2. Sculpture cannot draw a crowd. Sculptors have at times felt disappointed by a lack of interest and support in their work. Their innate grumbliness had always found a target. They have often reconciled themselves to the harsh realities of devotion, accepting there was an audience of three. S x S has accessed a monster appetite for sculpture.

3. A local cultural product cannot be world leading. We Australians are determined to be modest with our cultural voice, our cultural power. We are inclined to defer to bullies, to those with history, to those peoples whose land is attached to other land masses. We do not support our own artists. Those we do support are those that reflect recent international trends most successfully. One of our favourite national pastimes is to watch genuine artists flounder as they are denied life support. S x S's international reputation is a welcome relief and contrast to this phenomenon. S x S shoots for the stars.

4. The gallery space should be neutral to show up the work. Part of S x S's success is its setting. Visitors are guaranteed a massive experience whether they are moved by the sculpture or not. Sculptors sometimes feel, I am among them, that they have to make something which can compete with the natural environment. This has more a positive than negative effect however; we are motivated to draw more deeply from within ourselves, to meet that challenge, rather than linger in our various comfort zones. Art grew weak in the gallery space.

5. Scholars and bureaucrats have the brightest torches to shine the way. It is my experience that scholars and bureaucrats are mostly concerned with building their own careers rather than building culture. Art needs the endorsements, the clarifications this profession provides. From my perspective they have been asleep on the job. Because they fail to fulfil their contract, ironically, their careers are also stymied by holding no sway. S X S is untainted by this group.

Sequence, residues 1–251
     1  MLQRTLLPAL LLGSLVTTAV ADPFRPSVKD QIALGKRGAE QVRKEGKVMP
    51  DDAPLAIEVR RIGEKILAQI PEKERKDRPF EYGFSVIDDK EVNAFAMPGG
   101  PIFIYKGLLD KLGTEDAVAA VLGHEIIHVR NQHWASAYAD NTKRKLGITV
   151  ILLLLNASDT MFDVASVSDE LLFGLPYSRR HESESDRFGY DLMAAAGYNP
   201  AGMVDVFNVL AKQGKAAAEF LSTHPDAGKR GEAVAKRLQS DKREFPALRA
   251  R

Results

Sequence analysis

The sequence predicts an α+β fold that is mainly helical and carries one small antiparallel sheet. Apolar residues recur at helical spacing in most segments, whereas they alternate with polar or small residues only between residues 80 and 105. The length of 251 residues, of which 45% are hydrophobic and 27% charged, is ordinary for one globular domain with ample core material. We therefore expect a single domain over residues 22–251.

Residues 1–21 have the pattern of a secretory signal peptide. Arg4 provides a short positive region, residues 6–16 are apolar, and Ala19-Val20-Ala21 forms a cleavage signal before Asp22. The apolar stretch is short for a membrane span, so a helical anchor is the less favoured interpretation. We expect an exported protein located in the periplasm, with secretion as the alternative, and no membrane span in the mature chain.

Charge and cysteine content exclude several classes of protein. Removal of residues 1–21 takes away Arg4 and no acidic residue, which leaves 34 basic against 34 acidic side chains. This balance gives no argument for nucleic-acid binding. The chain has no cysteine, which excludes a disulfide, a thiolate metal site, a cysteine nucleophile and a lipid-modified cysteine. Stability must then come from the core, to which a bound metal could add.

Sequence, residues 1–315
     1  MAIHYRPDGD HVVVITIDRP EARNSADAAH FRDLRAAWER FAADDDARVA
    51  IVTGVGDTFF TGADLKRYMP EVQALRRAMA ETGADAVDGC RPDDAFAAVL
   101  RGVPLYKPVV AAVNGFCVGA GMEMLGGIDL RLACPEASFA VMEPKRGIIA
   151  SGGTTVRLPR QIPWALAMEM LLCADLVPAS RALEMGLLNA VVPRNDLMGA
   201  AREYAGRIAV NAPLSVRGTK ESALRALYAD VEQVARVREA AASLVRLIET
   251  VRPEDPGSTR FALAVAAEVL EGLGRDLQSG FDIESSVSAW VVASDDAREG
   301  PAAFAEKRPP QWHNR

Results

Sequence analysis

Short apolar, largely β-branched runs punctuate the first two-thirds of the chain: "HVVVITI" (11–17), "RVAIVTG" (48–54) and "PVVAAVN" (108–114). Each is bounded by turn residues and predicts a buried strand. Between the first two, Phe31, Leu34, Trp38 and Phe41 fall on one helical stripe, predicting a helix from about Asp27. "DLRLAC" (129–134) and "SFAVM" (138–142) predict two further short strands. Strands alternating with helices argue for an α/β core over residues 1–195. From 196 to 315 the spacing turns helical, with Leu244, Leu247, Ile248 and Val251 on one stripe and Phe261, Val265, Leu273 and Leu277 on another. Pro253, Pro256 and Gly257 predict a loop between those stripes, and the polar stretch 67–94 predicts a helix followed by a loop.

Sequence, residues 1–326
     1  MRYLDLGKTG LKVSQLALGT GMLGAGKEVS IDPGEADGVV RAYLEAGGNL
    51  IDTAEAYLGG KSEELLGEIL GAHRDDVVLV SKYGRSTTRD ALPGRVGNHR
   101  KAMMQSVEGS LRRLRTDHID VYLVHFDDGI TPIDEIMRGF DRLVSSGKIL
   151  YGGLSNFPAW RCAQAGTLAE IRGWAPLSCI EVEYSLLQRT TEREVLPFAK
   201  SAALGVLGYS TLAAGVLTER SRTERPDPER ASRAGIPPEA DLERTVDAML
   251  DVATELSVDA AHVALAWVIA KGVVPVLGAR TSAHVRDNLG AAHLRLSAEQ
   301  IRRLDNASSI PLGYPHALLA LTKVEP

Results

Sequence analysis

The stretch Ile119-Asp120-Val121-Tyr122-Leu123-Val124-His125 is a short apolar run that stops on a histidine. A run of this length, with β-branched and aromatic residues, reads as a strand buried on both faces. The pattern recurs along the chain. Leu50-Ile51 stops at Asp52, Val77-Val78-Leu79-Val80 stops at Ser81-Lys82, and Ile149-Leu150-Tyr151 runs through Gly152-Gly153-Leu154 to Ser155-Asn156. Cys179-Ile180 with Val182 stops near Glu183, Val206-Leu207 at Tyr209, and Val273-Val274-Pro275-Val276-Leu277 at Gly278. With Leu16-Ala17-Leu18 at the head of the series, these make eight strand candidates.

6. Progress, artistic progress that is, and commerce are incompatible. Experience had showed us that the demands of commerce compromised the work of the artist. The argument is that artists who make work in response to demand do not grow as artists. Recently work made for a non-commercial context was found to be equally compromised by having to satisfy other equally limiting criteria, such as political correctness, arguable intent, ephemeralness. Recently commerce has freed the artists from the self limiting demands of the non-commercial.

7. Diversity dilutes standards. The argument goes that if you try to please everyone, everyone is short-changed. The diversity of work at S x S breaks the divisions between cultural sub-groups. Club identity is a false custodian of values, despite the lure of the cosy identification with the club of choice. S X S shows the best from all walks of art.

8. S x S will have a five year life span, max. I came on board S x S in its third year. Being conservative and sceptical, I didn't want to be there when the initial enthusiasm waned, when reality reared its head. Rather than flounder, S x S has boomed and sculptors feel more supported.

9. Experience as an artist serves to jade rather than enrich. S x S exhibits artists of diverse philosophies and ages. Youth, relevance and being up to date have become inextricably woven. The perception that art is a mirror to reflect change is tied to that. The best sculpture, perhaps, is the sculpture that has the longest range vision to the past.

10. You have to wear black. Everywhere everyone of note wears black except at S x S. The sea blows in the fresh air.